President Windsor: The Queen Has Spent 60 Years Giving the Impression That the Monarchy Is Somehow Detached from Everyday Political Life. That's What Makes Her Such a Skilled Politician
Sandbrook, Dominic, New Statesman (1996)
Imagine that the year is 2015. After the early collapse of the coalition government and the ensuing Labour landslide, Britain is holding the first presidential election in its history. The government's preferred candidate is the rather uninspiring figure of Margaret Beckett, although some left-wing backbenchers support the trenchant John McDonnell, who is running as an independent. The Tories have nominated the veteran Kenneth Clarke, the early front-runner, while the Lib Dems have ended up with Paddy Ashdown. There is also a handful of independents, adding to the gaiety of the proceedings. Lembit Opik's campaign has been an exercise in self-mortification, and, if the polls are right, very few voters are likely to tell Lord Sugar "You're hired".
But as the campaign has gone on, the winner's identity has become steadily more obvious. In an age of widespread political alienation, it is perhaps not surprising that so many people should want to vote for an independent. More surprising, perhaps, is that so many should vote for an elderly, upper-class woman in her late eighties who has defiantly eschewed many of the conventions of campaigning. Refusing to take part in the televised debates, to record broadcasts or even to give interviews, she has spent much of the campaign walking around shopping centres and visiting hospital wards, occasionally breaking off to watch the horse racing. She promises nothing and has no policies, and yet, wherever she goes, members of the public present her with flowers. Some of them have tears in their eyes. "She's the only one for the job," a local taxi driver told me after she had visited Wolverhampton. "After all, she's been doing it long enough. She's the only one of them with the right experience."
Yes, it is time to face facts. Britain is about to get its first republican president. Her name is Elizabeth Windsor.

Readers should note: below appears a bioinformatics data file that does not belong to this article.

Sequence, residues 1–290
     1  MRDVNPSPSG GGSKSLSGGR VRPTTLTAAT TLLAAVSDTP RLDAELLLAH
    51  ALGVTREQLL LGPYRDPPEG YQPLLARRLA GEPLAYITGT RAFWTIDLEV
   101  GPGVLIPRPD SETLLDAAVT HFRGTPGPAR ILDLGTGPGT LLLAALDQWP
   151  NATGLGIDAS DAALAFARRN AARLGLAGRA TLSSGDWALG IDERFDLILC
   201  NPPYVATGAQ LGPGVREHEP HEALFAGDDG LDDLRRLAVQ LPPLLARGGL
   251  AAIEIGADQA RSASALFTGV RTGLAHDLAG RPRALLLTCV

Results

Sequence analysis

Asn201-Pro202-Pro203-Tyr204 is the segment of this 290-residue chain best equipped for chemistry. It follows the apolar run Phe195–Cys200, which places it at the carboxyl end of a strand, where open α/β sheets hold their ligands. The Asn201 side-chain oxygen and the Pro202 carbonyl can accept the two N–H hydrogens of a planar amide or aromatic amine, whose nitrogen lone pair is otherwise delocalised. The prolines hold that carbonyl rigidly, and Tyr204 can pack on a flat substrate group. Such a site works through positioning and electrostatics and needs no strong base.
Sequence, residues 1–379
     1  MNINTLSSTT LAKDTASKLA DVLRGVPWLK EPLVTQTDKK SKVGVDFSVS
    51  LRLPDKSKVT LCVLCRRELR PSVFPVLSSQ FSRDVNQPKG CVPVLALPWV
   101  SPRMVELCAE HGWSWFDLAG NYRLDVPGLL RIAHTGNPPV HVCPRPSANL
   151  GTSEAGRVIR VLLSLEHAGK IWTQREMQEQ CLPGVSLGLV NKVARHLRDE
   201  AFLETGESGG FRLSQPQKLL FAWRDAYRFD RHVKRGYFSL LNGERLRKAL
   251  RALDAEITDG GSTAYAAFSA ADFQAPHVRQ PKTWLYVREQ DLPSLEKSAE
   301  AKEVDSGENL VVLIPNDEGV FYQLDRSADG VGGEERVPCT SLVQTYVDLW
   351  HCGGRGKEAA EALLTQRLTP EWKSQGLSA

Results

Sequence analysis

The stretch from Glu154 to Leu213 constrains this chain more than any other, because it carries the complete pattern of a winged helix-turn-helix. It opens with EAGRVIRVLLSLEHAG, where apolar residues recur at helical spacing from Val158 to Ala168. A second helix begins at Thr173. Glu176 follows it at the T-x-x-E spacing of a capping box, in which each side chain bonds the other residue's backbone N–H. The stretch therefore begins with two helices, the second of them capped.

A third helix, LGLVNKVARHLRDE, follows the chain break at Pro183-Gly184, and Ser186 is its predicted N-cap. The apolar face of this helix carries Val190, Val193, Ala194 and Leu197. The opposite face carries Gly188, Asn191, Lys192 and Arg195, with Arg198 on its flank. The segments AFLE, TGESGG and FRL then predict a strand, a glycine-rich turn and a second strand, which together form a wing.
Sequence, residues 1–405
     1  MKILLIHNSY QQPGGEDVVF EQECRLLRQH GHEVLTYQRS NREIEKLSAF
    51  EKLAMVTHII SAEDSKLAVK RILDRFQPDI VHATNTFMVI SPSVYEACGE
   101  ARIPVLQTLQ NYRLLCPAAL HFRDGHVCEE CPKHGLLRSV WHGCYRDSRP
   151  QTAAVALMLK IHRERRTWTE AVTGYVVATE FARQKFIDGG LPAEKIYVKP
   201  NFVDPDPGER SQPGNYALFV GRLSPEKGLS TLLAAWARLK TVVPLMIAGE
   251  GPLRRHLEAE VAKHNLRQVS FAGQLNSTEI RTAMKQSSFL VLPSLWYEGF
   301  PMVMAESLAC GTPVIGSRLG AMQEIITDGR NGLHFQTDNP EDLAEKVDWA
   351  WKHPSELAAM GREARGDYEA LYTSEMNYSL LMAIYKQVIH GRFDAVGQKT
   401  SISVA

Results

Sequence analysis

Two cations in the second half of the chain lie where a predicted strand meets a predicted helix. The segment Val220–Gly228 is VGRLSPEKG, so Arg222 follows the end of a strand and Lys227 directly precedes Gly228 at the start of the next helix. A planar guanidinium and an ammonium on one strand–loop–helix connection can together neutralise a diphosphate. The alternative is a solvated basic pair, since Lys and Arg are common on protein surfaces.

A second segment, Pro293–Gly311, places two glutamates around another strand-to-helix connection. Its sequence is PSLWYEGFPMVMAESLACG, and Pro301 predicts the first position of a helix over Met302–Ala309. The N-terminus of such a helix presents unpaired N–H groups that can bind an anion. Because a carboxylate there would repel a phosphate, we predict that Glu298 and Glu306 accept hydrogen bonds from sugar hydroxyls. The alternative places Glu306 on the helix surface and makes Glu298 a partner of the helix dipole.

Since Britain becoming a republic is about as likely as West Bromwich Albion winning the Premier League, this is a scenario we will never have to face. Anyway, isn't the Queen, as we are often told, defiantly non-political? She has never been known to say anything at all contentious or even interesting, and it is almost impossible to ascribe any political views to her. Even historians rarely consider the Queen as a political actor. When the late Ben Pimlott, having just finished a biography of Harold Wilson, decided to write a life of Elizabeth II, some of his colleagues "expressed surprise, wondering whether a study of the Head of State and Head of the Commonwealth could be a serious or worthwhile exercise".
But, as Pimlott's book proved, the Queen is nothing if not a survivor, and most certainly a political animal. She has, after all, worked with 12 British prime ministers, beginning with Winston Churchill, as well as 14 prime ministers from New Zealand, plus 12 Australians and 11 Canadians. She has met almost every major international leader since the 1950s. Nominally, at least, she is or has been the head of state of 32 different realms. Against this background, to see her as anything other than a political actor seems bizarre.
One of the Queen's great achievements, politically speaking, has been to create the impression that the monarchy is somehow detached from the hurly-burly of everyday political life, not so much upper class as transcending class altogether. We often forget that it was not ever thus. At the beginning of the 19th century, George IV was widely reviled as the incarnation of privilege, while Victoria's fondness for Disraeli over Gladstone was well known.
The Queen's grandfather George V played a crucial political role on several occasions. Opening the parliament of Northern Ireland in 1921, he gave a speech about the Irish conflict that was conciliatory to the South and helped open the way for the Anglo-Irish Treaty six months later. During the General Strike of 1926, he advised Stanley Baldwin to take a gender line towards the unions; told they were "revolutionaries", the king replied: "Try living on their wages before you judge them. …